Isolated but defiant Putin cheered on by 200,000 ecstatic pro-war Russians while four US soldiers die and UK convoy leaves for Ukraine
Russia’s President Vladimir Putin was cheered on by 200,000 ecstatic Russians last night, an event that was broadcast live on state television across the world’s largest country.
Russian Olympians wearing the nationalist “Z” symbol were celebrated on stage at a pro-war rally organised by Putin at the Luzhniki Stadium in Moscow.
Social media showed gymnasts Dina and Arina Averina and four Russian figure skaters on stage in the same arena that hosted the Moscow Olympic Games back in 1980.
A defiant Putin appeared on stage, cheered on by the crowd, urging all Russians to support the ongoing war in Ukraine.
Russian Army blocking cities
At the same time, Ukrainian President Volodymyr Zelensky said Russian forces are blockading Ukraine’s largest cities to create a “humanitarian catastrophe” with the aim of persuading Ukrainians to cooperate with them.
He said Russians are preventing supplies from reaching surrounded cities in the centre and south east of the country.
“This is a totally deliberate tactic,” Zelensky said in his night-time video address to the nation, filmed outside in Kyiv, with the presidential office in the lamplight behind him.
He said more than 9,000 people were able to leave besieged Mariupol in the past day, and in all more than 180,000 people have been able to flee to safety through humanitarian corridors.
He again appealed to Russian President Vladimir Putin to hold talks with him directly.
“It’s time to meet, time to speak. I want to be heard by everyone, especially in Moscow.”Ukraine’s president Zelensky
He noted that the 200,000 people who Mr Putin gathered in and around a Moscow stadium on Friday for a flag-waving rally was about the same number of Russian troops sent into Ukraine three weeks ago.
Mr Zelensky then asked his audience to picture the stadium filled with the thousands of Russians who have been killed, wounded or maimed in the fighting.
His comments came as Ukrainian and Russian forces fight for the Azovstal steel plant, one of the biggest in Europe, in Mariupol.
Vadym Denysenko, an adviser to Ukraine’s interior minister, said: “Now there is a fight for Azovstal. I can say that we have lost this economic giant.
“In fact, one of the largest metallurgical plants in Europe is actually being destroyed.”
Four US soldiers die
Four US soldiers have been killed in a plane crash during a Nato exercise in Norway unrelated to the Ukraine war.
Norway’s prime minister Jonas Gahr Store tweeted that they were killed in a crash on Friday night.
“The soldiers participated in the Nato exercise Cold Response,” he said.
UK trucks leave for Ukraine
The leader of a convoy of fire engines carrying thousands of pieces of equipment which is bound for Ukraine has described the trip as “personal”.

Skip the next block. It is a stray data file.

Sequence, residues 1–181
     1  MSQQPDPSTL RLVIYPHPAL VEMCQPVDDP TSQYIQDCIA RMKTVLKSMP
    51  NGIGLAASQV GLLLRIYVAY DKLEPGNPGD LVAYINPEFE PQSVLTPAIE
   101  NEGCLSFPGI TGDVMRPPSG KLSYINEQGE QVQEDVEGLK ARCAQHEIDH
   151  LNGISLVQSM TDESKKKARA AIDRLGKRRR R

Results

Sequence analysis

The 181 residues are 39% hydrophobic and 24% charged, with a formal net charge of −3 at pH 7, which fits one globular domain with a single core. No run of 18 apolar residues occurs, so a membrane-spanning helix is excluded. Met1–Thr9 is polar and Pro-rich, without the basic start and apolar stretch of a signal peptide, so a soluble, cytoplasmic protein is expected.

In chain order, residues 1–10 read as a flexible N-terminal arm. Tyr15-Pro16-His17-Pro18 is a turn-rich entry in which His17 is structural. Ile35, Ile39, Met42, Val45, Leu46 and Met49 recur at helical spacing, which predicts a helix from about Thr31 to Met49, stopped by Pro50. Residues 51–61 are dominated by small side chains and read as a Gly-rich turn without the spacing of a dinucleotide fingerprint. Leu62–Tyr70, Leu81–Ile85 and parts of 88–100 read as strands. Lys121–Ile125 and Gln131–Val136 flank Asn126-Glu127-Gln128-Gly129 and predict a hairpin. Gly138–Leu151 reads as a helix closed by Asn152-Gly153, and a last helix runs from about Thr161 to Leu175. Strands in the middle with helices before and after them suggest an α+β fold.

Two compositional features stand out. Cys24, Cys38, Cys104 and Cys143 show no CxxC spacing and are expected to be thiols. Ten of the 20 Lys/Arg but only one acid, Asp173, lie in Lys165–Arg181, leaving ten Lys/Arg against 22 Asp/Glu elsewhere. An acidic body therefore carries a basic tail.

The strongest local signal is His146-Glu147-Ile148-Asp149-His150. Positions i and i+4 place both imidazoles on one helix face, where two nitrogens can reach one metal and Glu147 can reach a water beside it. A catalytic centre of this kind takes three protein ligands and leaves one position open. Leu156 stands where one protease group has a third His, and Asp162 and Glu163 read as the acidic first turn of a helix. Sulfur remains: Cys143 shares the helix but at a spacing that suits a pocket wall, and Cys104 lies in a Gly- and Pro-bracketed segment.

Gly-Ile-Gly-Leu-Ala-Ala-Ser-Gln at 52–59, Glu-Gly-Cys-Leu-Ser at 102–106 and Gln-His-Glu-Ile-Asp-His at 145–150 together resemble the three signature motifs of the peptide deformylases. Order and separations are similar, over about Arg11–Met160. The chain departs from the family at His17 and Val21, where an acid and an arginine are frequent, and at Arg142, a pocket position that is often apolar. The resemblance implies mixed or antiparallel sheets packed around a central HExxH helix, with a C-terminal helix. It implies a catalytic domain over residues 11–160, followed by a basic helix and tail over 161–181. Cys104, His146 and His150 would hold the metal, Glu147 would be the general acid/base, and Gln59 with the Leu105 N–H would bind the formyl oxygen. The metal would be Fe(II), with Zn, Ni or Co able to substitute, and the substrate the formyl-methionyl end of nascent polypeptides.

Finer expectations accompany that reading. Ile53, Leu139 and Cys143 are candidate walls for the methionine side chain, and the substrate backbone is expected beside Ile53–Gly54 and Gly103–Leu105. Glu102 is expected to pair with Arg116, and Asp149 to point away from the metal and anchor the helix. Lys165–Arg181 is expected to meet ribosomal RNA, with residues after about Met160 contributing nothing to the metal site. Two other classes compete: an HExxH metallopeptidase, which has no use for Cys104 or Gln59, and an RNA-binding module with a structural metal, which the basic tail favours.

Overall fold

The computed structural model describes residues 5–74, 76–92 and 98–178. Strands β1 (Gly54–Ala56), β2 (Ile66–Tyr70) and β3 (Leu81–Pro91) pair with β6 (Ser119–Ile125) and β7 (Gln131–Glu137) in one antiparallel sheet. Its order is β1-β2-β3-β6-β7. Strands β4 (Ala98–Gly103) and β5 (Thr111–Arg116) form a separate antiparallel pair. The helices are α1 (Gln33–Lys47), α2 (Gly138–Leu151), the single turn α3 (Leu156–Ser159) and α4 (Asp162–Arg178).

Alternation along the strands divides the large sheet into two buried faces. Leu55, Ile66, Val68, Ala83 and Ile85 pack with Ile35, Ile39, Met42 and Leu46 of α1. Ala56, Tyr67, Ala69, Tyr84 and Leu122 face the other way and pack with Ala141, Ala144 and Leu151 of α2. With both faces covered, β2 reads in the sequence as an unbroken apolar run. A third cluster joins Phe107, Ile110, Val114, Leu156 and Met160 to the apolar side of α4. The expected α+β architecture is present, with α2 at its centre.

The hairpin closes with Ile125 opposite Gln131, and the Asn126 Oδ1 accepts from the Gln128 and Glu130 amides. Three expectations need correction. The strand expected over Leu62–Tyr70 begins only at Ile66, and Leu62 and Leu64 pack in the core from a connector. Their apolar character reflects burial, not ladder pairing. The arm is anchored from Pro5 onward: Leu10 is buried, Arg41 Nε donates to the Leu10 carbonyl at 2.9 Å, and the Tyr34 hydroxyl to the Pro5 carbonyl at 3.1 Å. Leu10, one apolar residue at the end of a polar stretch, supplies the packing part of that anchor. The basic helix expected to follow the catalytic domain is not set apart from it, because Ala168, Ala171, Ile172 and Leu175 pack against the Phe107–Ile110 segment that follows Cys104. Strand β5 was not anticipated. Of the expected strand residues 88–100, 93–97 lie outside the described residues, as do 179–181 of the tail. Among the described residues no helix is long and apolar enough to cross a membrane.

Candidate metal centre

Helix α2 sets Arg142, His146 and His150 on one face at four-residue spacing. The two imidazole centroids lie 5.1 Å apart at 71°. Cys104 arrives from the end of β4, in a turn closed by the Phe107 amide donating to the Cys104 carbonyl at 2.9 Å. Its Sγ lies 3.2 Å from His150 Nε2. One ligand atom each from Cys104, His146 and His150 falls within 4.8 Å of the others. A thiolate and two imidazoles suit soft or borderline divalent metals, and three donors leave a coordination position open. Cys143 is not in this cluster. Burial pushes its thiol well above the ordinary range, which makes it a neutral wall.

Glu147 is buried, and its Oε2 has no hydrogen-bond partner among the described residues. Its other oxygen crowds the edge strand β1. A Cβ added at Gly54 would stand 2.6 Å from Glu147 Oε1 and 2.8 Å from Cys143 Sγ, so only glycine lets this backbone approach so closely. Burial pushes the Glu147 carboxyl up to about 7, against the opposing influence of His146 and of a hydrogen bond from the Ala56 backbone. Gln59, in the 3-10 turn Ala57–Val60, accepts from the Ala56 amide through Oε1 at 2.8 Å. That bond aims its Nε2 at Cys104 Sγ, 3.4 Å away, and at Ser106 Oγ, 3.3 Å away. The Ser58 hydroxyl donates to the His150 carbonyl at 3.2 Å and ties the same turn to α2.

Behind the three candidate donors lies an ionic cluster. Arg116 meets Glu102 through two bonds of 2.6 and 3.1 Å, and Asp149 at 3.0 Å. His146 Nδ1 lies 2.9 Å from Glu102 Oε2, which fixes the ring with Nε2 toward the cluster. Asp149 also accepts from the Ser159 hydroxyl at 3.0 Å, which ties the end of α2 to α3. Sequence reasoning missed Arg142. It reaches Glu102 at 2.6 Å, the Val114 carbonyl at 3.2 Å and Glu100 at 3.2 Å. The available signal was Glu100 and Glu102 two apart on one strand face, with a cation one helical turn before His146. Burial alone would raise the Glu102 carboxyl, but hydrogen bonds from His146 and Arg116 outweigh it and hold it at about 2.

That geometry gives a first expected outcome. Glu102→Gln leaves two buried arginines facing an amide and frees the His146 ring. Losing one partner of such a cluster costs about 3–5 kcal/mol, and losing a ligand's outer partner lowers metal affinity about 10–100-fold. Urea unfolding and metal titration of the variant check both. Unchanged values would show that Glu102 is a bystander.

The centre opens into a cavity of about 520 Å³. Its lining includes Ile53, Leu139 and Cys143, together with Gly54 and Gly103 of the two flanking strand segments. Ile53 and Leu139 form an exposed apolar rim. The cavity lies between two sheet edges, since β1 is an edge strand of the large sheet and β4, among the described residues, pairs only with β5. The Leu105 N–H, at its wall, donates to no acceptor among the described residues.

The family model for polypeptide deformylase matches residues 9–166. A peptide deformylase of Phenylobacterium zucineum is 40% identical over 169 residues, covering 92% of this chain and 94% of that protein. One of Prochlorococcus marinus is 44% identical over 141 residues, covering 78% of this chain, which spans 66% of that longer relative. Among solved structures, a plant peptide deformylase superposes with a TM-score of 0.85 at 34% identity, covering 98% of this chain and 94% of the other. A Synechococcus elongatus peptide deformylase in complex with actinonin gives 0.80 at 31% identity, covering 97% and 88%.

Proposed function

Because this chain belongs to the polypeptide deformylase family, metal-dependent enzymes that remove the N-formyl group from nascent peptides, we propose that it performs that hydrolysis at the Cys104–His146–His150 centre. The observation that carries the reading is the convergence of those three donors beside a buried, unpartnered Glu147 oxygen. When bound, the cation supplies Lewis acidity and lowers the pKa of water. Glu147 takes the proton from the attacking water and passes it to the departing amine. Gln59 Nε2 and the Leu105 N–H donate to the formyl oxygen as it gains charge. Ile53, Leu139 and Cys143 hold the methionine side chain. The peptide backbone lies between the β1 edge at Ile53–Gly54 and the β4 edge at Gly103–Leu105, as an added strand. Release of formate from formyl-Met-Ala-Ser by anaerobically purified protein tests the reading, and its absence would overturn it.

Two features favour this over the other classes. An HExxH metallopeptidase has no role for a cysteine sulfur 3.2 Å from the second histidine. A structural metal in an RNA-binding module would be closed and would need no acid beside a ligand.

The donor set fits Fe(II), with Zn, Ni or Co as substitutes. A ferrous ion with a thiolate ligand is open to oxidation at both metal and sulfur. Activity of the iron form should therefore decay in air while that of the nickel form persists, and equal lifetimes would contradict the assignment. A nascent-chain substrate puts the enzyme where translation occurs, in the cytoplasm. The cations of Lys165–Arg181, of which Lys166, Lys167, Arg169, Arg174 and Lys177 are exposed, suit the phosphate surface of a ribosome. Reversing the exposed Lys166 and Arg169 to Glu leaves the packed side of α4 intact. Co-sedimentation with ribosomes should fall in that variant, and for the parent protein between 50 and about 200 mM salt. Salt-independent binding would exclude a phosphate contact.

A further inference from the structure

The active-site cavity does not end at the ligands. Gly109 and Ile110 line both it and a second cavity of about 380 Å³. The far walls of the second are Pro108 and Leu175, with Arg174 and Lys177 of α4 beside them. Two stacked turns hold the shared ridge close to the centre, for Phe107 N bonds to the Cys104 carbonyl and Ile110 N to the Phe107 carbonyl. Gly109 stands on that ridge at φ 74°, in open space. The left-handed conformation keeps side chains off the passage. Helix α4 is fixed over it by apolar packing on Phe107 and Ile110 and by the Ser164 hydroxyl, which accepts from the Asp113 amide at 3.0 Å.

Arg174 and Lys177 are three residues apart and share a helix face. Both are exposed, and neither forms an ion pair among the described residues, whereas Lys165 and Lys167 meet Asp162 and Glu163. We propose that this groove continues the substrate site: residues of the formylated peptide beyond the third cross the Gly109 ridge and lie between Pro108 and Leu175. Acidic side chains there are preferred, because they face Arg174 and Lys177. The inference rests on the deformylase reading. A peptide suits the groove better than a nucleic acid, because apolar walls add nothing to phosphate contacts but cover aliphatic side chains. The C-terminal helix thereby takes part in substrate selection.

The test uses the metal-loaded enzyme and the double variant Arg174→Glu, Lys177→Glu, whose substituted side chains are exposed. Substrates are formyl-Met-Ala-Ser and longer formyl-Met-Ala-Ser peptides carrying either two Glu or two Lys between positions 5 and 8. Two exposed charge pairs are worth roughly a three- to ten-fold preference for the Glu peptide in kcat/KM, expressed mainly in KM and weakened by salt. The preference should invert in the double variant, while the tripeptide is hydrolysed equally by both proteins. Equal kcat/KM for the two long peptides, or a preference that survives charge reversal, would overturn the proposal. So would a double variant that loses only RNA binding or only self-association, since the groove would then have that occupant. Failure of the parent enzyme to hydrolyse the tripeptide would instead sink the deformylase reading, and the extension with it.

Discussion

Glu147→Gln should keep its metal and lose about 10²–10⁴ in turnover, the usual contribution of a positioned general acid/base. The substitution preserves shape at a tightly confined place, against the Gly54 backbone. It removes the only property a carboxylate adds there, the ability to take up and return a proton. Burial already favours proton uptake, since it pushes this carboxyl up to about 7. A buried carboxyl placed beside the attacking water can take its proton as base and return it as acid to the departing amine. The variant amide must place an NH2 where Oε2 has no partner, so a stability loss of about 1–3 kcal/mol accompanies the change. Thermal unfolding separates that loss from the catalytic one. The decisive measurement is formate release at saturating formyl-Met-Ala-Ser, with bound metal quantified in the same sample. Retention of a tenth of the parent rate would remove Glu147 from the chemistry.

Mike Pitney, who with other volunteers is taking 22 vehicles and two lorries packed with equipment, said he felt he had to help out the emergency services in Ukraine after Russia invaded last month.
UK charity Fire Aid and the National Fire Chiefs Council (NFCC) sent an initial delivery to the country on March 11.
The second convoy, consisting of donations from fire services across the UK, left Ashford in Kent on Saturday morning. Donated kit includes generators, hoses and several fire trucks.
Pitney told BBC Breakfast: “For me it’s quite personal, I’ve been going out there now for 10 years to Ukraine, so I have friends and family, as far as I’m concerned, out there.
“When this happened, it was obvious that if I could lead that convoy, I would lead that convoy.
“Normally you go for six or eight (in a) convoy but the need out there outweighs the work that needs to be done to make this happen.”
He described the equipment as “past-life equipment” and that something “needed to be done with it”.
Claire Hoyland, project manager for the charity Fire Aid, said: “We gather decommissioned equipment from the UK fire and rescue services. So the equipment has reached the end of its life in the UK but it’s still perfectly usable.
“So we take it overseas, alongside training, so people around the world who haven’t got the equipment we’ve got (can use it). It’s functional.”
She said the charity’s members immediately mobilised in the aftermath of Russia’s invasion of Ukraine.
Fire minister Lord Stephen Greenhalgh tweeted: “Convoy with largest ever single donation of fire and rescue equipment has set off for Ukraine: 22 vehicles, 18 fire engines and over 6,000 items of equipment, incl. acid proof chemical suits + a mass decontamination Incident Response Unit!”
Home Secretary Priti Patel said: “We are helping to ensure that crucial fire and rescue equipment and PPE donated by fire and rescue services will get to where it can directly provide succour to those brave firefighters, emergency services and volunteers on the front line in Ukraine.”
Fire Aid members have been working in partnership with the Ukrainian emergency services since 2012.